Christopher Graham of the Information Commissioner's Office has said: "The Commissioner welcomes the guidelines and considers that they will help to ensure a consistent approach in assessing the public interest in cases affecting the media.


Notes to Editors

  1. The final guidelines are available to view on this website.
  2. The CPS has looked at all current prosecutions in this area and considers that all charging decisions made under the interim guidelines are consistent with the final guidance. 
  3. It is important to distinguish between the public interest served by freedom of expression and the right to receive and impart information; and the separate question of whether a prosecution is in the public interest, which is the second stage of the Code for Crown Prosecutors as followed by prosecutors. 
  4. No journalist is above the law and no immunity can be given from prosecution. 
  5. This does not cover any journalist's coverage of court proceedings, or conduct outside of their work. 
  6. The Code for Crown Prosecutors, used by the CPS in all cases, asks lawyers to consider first whether there is sufficient evidence for a realistic prospect of conviction, and if so, then whether it is in the public interest to bring a prosecution. The Code is available at  
  7. The public consultation was launched on 18 April 2012 and closed on 10 July 2012. The DPP undertook to produce this policy when giving evidence on 8 February 2012 to the inquiry being conducted by Lord Justice Leveson into the Culture, Practices and Ethics of the Press.
  8. For media enquiries call the CPS Press Office on 020 3357 0906; Out of Hours Pager 07699 781 926
  9. The DPP has set out what the public can expect from the CPS in the Core Quality Standards document published in March 2010.
  10. The CPS consists of 13 Areas in total, each headed by a Chief Crown Prosecutor (CCP). In addition, there are three specialised national divisions: Central Fraud Division, Special Crime and Counter Terrorism, and Organised Crime. In 2011-2012, The Department for Environment, Food and Rural Affairs (Defra), Department for Work and Pensions (DWP) and Department of Health (DoH) prosecution functions were transferred to the CPS. A telephone service, CPS Direct, provides out-of-hours advice and decisions to police officers across England and Wales.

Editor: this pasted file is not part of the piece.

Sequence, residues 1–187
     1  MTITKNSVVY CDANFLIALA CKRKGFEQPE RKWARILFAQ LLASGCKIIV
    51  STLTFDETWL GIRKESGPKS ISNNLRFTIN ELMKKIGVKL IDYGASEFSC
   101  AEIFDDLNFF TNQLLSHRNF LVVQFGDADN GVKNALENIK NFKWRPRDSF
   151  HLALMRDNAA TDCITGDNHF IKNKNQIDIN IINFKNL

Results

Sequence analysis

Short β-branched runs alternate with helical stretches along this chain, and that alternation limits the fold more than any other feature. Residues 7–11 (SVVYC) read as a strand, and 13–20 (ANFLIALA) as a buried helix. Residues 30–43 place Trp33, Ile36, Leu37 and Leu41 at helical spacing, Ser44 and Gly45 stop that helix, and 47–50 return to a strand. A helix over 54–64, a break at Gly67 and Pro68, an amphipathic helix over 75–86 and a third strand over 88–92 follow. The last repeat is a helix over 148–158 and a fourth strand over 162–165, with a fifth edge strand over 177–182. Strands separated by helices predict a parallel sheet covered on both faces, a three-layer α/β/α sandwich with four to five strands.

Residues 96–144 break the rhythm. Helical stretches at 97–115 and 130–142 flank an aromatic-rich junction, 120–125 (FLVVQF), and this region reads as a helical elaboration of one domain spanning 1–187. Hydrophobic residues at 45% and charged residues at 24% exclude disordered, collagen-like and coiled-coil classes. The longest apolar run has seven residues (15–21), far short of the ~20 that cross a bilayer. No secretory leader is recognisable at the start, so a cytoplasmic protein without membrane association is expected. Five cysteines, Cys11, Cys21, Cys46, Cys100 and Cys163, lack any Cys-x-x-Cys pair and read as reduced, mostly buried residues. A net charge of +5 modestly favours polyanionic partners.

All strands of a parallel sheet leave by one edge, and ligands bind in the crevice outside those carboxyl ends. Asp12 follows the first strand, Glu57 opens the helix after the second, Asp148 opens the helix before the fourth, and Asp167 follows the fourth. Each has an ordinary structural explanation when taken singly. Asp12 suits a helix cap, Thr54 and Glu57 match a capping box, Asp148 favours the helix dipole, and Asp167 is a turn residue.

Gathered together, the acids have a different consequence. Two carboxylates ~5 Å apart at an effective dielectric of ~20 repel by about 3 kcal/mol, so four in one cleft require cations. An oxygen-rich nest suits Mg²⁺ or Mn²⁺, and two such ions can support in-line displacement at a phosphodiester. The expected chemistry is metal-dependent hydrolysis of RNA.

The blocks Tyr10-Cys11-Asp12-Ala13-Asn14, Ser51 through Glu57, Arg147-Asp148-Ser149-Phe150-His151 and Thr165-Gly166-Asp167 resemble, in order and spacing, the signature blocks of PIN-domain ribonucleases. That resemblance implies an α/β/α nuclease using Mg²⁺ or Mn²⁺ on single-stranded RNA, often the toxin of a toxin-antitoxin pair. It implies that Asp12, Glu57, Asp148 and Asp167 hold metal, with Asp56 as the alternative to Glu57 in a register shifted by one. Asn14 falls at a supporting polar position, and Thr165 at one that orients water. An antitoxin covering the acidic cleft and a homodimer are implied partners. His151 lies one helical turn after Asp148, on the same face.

11. In 2010-2011 the CPS employed around 7,745 people and prosecuted 957,881 cases with 116,898 of these in the Crown Court, and the remaining 840,983 in the magistrates' courts. Of those we prosecuted, 93,106 defendants were convicted in the Crown Court and 727,491 in the magistrates' courts. In total 86% of cases prosecuted resulted in a conviction. Further information can be found on the CPS website.
  12. The CPS, together with ACPO and media representatives, has developed a Protocol for the release of prosecution material to the media. This sets out the type of prosecution material that will normally be released, or considered for release, together with the factors we will take into account when considering requests. Read the Protocol for the release of prosecution material to the media.